After about four days of disruption of the melatonin rhythm by sleep deprivation, your whole body and brain become completely disorganized. That’s why it is such a prominent method of torture. Even throwing an all-nighter reduces cognition for about a week afterwards. Rats given ample food but deprived of sleep, all die in a couple of weeks.(1)
Melatonin regulates all aspects of human physiology, especially sleep/ wake cycles, energy, hormone release, brain growth, muscle growth, and body fat. This activity uses daily expression of over 20% of your total genome, making melatonin the largest control system in human physiology.(1-8)
Until recently, however, effects of melatonin could not be properly studied. Decoding of the human genome in 2003 first allowed researchers to examine the genes involved. Before then, the power of melatonin to control the whole daily cycle of human behavior was just not understood.
Recent research shows that disrupting the melatonin rhythm simply by restricting sleep to 6 hours a night, impairs learning, memory, glucose metabolism, immune function, appetite regulation, and athletic training.(1-8) Not surprising that sports scientists are now doing intensive research on sleep, melatonin and sport.
Performance is devastated by sleep deprivation. Peak power in cycling is significantly reduced.(9) Knee extension strength bombs in trained athletes.(10) Strength in leg press, bench press, and dead lift is much reduced.(11) Endurance performance also bombs, as does sprinting speed.(12,13)
Inflammation and risk of illness go through the roof. With low melatonin levels and poor sleep, measures of inflammation, interleukins-1 and-6, and C-reactive protein all rise. Hormonal rhythms also decline causing impaired immune responses.(14,15)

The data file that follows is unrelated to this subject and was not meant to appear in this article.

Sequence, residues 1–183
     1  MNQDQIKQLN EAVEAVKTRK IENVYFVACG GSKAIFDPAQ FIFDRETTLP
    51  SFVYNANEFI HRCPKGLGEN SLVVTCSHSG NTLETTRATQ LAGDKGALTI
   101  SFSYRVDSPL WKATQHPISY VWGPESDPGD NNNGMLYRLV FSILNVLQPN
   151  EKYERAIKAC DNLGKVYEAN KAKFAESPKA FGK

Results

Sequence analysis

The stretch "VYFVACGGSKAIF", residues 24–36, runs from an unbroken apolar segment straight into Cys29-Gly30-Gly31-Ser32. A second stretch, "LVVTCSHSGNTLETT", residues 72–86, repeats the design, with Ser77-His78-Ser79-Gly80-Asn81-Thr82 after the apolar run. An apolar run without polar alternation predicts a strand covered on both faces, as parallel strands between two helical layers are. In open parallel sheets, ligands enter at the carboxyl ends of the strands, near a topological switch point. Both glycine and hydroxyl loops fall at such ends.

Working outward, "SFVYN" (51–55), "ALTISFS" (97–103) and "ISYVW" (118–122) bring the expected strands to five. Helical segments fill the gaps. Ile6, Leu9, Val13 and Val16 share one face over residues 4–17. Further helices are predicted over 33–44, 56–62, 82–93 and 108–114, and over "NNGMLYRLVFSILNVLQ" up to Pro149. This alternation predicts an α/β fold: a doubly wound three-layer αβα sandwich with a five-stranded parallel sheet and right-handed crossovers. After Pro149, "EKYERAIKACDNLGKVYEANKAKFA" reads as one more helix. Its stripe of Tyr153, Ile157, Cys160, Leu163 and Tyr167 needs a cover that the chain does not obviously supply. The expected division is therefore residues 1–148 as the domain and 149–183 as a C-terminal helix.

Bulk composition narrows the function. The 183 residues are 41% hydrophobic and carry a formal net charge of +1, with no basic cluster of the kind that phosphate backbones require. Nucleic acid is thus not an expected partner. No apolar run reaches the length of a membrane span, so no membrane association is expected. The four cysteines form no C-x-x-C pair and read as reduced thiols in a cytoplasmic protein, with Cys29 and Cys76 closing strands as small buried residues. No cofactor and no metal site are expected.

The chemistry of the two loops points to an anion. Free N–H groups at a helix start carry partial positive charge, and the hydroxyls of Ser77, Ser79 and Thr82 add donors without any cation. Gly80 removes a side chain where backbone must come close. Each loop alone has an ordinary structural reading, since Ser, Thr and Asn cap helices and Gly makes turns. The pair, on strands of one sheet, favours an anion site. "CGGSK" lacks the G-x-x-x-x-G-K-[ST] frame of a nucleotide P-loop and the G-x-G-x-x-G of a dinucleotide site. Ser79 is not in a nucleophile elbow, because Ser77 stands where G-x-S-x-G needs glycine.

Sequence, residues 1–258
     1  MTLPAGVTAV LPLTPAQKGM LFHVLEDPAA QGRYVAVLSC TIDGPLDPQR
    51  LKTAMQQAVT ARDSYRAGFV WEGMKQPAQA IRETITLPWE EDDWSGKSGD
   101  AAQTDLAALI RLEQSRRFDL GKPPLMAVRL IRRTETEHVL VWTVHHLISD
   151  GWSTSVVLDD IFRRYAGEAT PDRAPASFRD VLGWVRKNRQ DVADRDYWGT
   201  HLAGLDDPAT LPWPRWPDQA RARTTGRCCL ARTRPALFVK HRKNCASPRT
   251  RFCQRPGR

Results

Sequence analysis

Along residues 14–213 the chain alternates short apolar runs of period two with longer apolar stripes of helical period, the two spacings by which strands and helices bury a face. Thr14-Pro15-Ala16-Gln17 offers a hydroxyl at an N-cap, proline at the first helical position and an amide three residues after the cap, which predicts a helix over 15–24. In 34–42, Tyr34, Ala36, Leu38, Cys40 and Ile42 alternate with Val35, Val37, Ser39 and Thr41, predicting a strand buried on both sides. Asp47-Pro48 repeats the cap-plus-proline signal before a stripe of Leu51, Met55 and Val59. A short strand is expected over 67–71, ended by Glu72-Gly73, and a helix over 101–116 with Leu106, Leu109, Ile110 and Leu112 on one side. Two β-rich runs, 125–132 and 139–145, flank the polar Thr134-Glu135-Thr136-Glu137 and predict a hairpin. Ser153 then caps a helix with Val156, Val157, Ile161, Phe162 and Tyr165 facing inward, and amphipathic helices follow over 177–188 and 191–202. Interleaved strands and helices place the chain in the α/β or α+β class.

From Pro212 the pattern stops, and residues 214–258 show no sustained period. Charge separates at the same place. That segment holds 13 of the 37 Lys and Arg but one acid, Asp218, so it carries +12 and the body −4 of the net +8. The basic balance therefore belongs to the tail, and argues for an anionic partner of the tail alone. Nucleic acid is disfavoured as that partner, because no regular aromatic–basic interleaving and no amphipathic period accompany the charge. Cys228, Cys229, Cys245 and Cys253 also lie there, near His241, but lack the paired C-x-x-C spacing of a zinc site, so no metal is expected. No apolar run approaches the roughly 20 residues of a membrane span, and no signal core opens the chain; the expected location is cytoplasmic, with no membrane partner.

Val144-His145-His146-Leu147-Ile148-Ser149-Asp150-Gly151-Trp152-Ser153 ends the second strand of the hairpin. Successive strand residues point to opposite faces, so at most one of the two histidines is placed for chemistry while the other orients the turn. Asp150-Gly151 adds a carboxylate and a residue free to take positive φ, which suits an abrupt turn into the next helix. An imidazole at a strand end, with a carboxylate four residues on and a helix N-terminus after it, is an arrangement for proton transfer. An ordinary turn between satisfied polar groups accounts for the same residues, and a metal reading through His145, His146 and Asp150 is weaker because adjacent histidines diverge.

Athletes are always balancing muscle and body fat. Gain fat, and the extra dead weight reduces performance. Strip off too much fat and you also strip off muscle which reduces performance. They have to keep bodyfat low while re-building muscle mass every day. This is a difficult task without an optimum melatonin rhythm, and the sound sleep it brings. Almost all muscle recovery and growth occurs during the melatonin phase of the cycle.(1-6) And research shows clearly that partial sleep loss fattens you up like a goose.(16)
Even minor disturbance of the melatonin rhythm also increases insulin resistance, and disrupts both glucose regulation and hormonal controls of appetite.(16,17) The main appetite-inhibiting hormone is leptin. With normal melatonin, leptin rises during sleep and controls appetite, not only that night but also next day. The main appetite-stimulating hormone is ghrelin. With normal melatonin, ghrelin falls during sleep and rises to stimulate appetite the next day. Poor sleep and low melatonin tip the balance in favor of ghrelin, leading to increased appetite and food intake.(18)
Levels of the catabolic hormone cortisol, also rise, and anabolic hormones decline, especially growth hormone and testosterone.(19) These imbalances set up the low-melatonin athlete for muscle loss and fat gain that cannot be corrected by diet or training.
For the last 30 years at the Colgan Institute, we have used specific nutrition for athletes to maintain a normal melatonin rhythm, and have been very successful with numerous elite athletes including World and Olympic Champions.(20) The precursor of melatonin is the amino acid tryptophan, abundant in pumpkin seeds, free-range turkey, and IsaLean Shakes. Diets high in tryptophan increase tryptophan levels in the blood. It is converted in the brain to 5-hydroxytryptophan (5-HTP), then to melatonin.(1-6)
We use melatonin supplements. Most melatonin pills, however, are ineffective because up to 90% of the melatonin is destroyed by digestion and first pass through the liver. That is why we designed the Isagenix Sleep Spray to effectively deliver the right forms of melatonin directly into the mouth. For the average athlete, 3.0 mg, that is three sprays, at bedtime, reliably raises melatonin levels, which benefits the whole 24-hour circadian rhythm, yields better sleep, and improves athletic performance.
1. US National Center on Sleep Disorders. www.nhlbi.nih.gov/about/ncsdr/. Accessed 16 May 2014.
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20. Colgan M. The Anti-inflammatory Athlete. Vancouver: Science Books 2012.